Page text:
Eventually we had sex, except he didn’t use a condom like he said. I remember saying something about it, as soon as he was done … I can still hear him: “Wait, were you serious about this?”
Of course, I got pregnant. When I saw the test results, I collapsed.
At the time I was very pro-life, but I remember thinking about the kids I already had, and what another baby would mean, and doing math in my head trying to figure out how far. where I could be … but as soon as I realized there was already a heartbeat, I knew I was doomed.
I think I called our therapist, before I even told him. I remember being instantly afraid for my life. I wasn’t sure I could do it again. It was a death sentence, but I didn’t have the luxury of dying, because I was a mother.
We continued to provide marriage counseling throughout the pregnancy. I added individual therapy, to make peace with the pregnancy. My doctor was aware of the situation and was incredibly supportive. I prayed for a miscarriage.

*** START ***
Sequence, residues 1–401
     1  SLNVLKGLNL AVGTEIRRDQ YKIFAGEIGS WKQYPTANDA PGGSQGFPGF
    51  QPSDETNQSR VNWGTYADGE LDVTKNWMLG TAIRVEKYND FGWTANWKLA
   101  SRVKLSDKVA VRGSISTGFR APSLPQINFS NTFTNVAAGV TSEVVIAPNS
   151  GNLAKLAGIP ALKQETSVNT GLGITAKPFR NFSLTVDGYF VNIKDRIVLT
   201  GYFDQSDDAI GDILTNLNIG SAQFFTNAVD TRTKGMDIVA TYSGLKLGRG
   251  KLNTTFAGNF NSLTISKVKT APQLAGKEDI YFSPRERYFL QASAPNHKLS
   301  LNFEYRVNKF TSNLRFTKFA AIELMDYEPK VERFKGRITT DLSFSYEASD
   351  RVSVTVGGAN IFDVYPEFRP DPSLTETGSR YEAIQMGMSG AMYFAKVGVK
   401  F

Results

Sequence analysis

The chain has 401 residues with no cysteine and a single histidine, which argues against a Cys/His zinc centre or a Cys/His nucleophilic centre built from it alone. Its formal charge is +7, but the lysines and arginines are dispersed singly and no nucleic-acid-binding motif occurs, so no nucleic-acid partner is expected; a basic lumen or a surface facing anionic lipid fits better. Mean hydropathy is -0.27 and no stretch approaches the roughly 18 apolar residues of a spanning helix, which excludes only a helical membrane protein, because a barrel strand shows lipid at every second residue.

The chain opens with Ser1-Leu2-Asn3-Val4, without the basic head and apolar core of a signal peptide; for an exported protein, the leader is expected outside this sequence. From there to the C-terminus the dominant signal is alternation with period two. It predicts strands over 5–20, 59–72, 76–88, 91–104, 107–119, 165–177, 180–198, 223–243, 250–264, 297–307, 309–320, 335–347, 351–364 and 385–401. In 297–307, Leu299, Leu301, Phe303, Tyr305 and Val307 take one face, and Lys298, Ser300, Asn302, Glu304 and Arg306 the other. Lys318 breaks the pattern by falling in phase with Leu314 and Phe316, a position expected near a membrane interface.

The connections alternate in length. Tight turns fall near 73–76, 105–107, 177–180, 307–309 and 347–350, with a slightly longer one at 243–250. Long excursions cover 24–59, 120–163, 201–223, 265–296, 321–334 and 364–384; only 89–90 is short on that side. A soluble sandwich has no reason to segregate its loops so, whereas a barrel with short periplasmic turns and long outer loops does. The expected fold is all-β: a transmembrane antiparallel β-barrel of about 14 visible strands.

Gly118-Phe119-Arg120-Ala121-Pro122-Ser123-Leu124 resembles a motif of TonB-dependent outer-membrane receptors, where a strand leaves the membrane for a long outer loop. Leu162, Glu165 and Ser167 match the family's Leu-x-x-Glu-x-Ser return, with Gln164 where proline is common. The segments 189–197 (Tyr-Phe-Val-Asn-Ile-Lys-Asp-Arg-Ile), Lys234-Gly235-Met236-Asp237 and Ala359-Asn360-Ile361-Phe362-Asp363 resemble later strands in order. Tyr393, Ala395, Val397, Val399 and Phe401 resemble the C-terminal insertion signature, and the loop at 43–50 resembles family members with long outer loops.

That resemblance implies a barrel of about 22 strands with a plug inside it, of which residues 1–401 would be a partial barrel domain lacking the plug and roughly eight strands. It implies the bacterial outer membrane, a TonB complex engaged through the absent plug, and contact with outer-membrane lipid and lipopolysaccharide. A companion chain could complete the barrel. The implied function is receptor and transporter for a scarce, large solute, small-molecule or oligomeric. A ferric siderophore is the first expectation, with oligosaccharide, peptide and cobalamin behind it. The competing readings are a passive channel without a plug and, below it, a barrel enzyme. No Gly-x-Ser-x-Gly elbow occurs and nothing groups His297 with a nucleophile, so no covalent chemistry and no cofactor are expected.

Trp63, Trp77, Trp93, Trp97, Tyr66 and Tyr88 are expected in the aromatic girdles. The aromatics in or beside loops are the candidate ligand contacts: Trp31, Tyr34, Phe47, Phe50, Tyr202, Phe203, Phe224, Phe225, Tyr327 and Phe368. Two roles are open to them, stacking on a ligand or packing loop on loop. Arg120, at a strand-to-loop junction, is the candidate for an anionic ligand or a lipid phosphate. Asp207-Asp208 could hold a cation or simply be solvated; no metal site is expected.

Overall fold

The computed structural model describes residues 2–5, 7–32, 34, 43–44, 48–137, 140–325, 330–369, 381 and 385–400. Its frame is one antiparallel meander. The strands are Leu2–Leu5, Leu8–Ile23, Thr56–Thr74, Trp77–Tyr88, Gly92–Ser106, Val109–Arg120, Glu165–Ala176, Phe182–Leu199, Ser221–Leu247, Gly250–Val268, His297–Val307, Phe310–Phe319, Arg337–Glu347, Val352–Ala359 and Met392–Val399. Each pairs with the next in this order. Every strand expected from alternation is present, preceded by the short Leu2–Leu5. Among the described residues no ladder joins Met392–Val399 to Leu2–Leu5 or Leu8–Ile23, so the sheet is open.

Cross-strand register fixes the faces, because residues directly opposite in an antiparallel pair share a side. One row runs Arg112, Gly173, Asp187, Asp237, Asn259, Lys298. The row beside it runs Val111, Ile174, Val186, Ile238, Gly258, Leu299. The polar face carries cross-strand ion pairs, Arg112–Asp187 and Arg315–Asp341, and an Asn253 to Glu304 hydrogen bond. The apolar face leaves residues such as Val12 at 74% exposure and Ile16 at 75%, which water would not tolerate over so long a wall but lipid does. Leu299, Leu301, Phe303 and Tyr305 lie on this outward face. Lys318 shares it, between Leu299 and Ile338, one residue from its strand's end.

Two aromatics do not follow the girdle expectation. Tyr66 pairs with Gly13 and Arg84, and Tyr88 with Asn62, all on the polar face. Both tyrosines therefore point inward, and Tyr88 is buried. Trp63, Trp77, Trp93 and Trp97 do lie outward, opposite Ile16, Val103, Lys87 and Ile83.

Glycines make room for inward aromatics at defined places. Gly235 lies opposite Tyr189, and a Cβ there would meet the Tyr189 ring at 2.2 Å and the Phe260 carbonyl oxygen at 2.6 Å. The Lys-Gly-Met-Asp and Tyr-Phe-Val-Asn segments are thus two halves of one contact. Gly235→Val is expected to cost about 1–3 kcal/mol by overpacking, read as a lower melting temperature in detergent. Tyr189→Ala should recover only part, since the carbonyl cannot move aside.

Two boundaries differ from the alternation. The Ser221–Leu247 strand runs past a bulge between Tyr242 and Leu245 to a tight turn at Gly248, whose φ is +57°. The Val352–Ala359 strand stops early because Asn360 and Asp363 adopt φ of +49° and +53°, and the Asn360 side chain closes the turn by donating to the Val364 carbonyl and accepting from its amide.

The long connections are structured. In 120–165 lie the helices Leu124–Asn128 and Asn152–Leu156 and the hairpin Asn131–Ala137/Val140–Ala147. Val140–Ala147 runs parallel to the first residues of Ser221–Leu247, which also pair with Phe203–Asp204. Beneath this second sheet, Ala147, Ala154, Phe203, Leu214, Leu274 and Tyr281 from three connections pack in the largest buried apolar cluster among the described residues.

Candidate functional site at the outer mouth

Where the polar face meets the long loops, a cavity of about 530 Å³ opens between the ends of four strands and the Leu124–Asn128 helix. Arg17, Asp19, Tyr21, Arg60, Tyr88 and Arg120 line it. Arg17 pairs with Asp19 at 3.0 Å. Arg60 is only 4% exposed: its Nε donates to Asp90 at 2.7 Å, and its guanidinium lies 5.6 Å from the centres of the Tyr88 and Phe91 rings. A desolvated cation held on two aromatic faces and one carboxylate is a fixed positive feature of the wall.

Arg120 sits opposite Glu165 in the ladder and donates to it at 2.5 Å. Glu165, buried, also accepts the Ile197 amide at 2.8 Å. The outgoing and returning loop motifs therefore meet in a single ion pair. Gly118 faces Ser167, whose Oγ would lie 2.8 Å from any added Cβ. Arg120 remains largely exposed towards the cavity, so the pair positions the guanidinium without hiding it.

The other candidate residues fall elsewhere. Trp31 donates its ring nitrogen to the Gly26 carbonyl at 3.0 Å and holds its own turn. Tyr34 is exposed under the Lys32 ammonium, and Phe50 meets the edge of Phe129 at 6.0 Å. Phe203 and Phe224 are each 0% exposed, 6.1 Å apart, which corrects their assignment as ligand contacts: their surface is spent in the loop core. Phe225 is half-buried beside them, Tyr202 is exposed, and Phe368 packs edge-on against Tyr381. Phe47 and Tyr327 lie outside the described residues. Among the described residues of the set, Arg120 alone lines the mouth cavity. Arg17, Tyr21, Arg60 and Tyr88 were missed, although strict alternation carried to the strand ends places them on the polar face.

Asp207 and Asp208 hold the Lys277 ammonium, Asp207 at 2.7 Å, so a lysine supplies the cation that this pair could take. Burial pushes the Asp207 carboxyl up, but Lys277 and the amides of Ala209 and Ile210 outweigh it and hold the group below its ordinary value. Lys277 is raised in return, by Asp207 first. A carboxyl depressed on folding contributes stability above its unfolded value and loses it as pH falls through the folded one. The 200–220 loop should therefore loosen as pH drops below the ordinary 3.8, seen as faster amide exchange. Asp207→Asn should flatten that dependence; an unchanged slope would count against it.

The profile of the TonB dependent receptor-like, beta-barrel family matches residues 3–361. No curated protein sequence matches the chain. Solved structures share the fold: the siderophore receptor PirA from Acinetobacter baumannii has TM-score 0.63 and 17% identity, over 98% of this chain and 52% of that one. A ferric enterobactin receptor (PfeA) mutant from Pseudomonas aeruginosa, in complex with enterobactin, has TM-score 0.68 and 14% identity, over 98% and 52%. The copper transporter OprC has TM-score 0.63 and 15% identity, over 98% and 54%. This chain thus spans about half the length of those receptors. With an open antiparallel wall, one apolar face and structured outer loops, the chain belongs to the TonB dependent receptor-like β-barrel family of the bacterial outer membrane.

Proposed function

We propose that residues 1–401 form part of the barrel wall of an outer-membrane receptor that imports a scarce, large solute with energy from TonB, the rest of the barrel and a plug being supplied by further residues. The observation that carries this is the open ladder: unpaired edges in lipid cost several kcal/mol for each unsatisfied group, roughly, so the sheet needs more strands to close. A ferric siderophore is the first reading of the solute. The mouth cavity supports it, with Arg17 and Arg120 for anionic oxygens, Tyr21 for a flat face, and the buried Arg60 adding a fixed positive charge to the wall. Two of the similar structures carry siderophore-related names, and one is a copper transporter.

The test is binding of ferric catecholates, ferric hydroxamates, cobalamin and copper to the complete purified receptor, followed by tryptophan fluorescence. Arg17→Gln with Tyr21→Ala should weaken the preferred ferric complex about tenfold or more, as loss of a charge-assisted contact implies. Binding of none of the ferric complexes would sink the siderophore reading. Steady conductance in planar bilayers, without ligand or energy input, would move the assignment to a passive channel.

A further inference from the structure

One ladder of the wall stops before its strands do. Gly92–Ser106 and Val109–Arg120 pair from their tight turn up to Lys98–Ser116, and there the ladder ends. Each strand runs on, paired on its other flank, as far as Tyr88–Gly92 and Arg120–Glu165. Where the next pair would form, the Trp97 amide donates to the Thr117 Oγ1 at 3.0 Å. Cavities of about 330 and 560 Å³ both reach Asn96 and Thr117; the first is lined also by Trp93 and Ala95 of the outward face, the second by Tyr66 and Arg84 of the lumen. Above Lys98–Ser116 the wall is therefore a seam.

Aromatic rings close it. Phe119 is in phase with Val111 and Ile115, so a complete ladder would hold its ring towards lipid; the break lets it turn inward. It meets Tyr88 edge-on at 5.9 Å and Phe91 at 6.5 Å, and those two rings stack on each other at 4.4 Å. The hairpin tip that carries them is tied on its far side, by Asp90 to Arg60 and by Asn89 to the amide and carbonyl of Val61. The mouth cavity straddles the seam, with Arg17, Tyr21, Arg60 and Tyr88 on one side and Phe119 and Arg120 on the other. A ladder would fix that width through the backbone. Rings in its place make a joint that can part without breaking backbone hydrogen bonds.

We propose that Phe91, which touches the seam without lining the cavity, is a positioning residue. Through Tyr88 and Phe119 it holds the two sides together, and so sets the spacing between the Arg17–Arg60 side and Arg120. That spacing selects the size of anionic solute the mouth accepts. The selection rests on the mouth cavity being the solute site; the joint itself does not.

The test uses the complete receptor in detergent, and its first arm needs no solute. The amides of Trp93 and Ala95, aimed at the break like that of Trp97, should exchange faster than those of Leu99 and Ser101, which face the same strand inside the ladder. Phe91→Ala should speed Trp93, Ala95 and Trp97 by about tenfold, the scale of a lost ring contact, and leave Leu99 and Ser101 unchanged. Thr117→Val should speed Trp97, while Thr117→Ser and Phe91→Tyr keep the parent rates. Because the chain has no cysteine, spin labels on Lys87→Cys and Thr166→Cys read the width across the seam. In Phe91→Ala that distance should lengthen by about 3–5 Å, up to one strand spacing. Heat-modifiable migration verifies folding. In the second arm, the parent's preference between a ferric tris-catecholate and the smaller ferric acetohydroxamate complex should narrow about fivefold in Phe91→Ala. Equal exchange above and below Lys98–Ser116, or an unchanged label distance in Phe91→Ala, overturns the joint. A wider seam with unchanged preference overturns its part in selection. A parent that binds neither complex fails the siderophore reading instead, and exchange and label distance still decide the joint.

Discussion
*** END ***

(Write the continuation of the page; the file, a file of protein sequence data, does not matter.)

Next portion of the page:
I took care of myself, eat properly, go to all my prenatal exams, follow weekly therapy (marriage and individual). I started having debilitating anxiety attacks midway through pregnancy (which I’m still struggling with ten years later).
I continued to squeeze him for the vasectomy. He started to say that it wasn’t even really necessary, since I was pregnant.
This last job was the longest of all my births. I remember the doctor and nurses quietly discussing whether I was going to be able to give birth. It got to the point where they had to tell me I needed to start pushing or they needed to prepare for a cesarean. (I pushed.)
I have dealt with PPD [postpartum depression] after birth. Everyone around us was looking at me like a hawk, scared of what I might do to myself or the baby.
A month after the birth, I filed for divorce.
A month later, I moved with the kids and got my first (part-time) job in ten years. I had no professional skills and had not worked outside the home since graduating from college.